blue yoga mat rolled up and placed on top of a cork yoga block. Both mat and block are resting on a grey yoga bolster. The photo has a white background

Investing in Your Yoga Practice: Why Blocks are a Great Purchase

Adding yoga blocks to your yoga gear is a great way to invest in your practice while also taking care of your self! I am excited to share reasons for investing in blocks, clever and unique uses for yoga blocks, as well as, where you can find the right blocks for you.

With the start of the COVID19 pandemic, many yoga studios suspended the use of shared props or tools during class.

Buddha statue wearing a face mask.

These tools can include blocks, blankets, bolsters, straps, chairs, and more. This meant that students could bring their own props to yoga class, but most studios generally could not provide props. Knowing that many students may not have their own props, I modified my yoga teaching style and even some of the poses I taught so that they could be practiced with or without the use of props and tools.

Almost 2 years later, a conversation with a fellow yoga teacher got me thinking differently. She shared that she brought her own props to class to demonstrate yoga poses. She also encourages students to bring their own props to class as frames this as an investment in their individual practice.

This conversation made me realize that I agree, investing in your practice is worthwhile and it’s something that I encourage yogis to prioritize. 

As a yoga practitioner, think of all the ways you may already be investing in your yoga practice. Have you purchased class or membership packages at your favorite studio? How much time and energy are you investing in attending yoga classes? Have you invested in a good quality yoga mat and comfortable yoga clothes? These are all worthy investments because they enable you to continue your practice. So much has changed in the past couple of years. It’s time to think consciously about what it means to truly invest in your yoga practice.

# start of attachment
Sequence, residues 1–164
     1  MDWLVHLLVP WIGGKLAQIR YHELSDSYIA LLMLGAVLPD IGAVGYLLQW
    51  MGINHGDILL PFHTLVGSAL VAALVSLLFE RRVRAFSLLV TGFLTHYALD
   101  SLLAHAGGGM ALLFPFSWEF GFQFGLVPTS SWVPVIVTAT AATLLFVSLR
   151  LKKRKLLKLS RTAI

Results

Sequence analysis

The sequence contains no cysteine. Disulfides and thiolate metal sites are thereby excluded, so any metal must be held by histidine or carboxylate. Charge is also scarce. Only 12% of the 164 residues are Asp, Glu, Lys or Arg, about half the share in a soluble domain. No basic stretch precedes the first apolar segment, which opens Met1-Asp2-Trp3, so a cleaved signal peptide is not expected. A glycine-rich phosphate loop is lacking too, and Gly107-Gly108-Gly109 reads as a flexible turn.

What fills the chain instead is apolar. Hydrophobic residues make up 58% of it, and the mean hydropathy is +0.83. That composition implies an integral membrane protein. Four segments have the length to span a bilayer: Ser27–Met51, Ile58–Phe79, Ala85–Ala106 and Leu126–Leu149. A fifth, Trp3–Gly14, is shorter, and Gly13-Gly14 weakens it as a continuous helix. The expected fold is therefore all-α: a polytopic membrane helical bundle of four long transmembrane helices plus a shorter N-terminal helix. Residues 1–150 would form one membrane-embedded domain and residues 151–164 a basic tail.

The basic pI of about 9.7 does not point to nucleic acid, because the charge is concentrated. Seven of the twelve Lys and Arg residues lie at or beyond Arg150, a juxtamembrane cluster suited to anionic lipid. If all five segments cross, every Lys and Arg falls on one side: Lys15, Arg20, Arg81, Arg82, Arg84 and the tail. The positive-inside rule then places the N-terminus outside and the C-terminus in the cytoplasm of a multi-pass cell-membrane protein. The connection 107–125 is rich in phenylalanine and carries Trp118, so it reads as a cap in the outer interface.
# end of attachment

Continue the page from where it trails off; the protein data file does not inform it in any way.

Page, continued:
While many students bring their props to practice, I’ve noticed that most come with only their yoga mat. While there is nothing wrong with that, investing in yoga props can not only enhance your practice, they can also come in handy in unexpected ways. In this post, I will explore different ways to invest in your practice with blocks, my favorite props! 

While there are many different types of blocks, 
two blue foam yoga blocksI am going to focus on what I have noticed are the most commonly used blocks at most yoga studios. 
These are 5-inch foam blocks. I love foam blocks because they are firm yet soft. They also offer stabilizing support without applying too much pressure on the body. 

Many yogis know how useful blocks are for yoga practice. Blocks offer support and access to yoga poses that may not be accessible otherwise. They can also offer restoration for the body in yoga poses such as supported fish pose and supported bridge pose. But did you know that blocks offer many uses off the mat as well? Here are some unexpected uses for blocks that will make you wonder how you ever lived without them. 

  1. Movie Night! popcorn in a bowl, tv remote, dvd, on slate table for movie night at homeI love getting cozy at night and watching a movie with my family. There are several ways blocks come in handy here. 
  • Supported Fish Pose at home: When my shoulders, neck or upper back feel sore, I love to set up a supportive fish pose in the living room while watching TV with the family. Using two blocks, set the first block medium height. The second one will be vertical. Lie back so the bottom of the first block is just about underneath your shoulder blades. Rest your head on the second block. Take your time to adjust the blocks so that you feel comfortable. Stay as long as you like.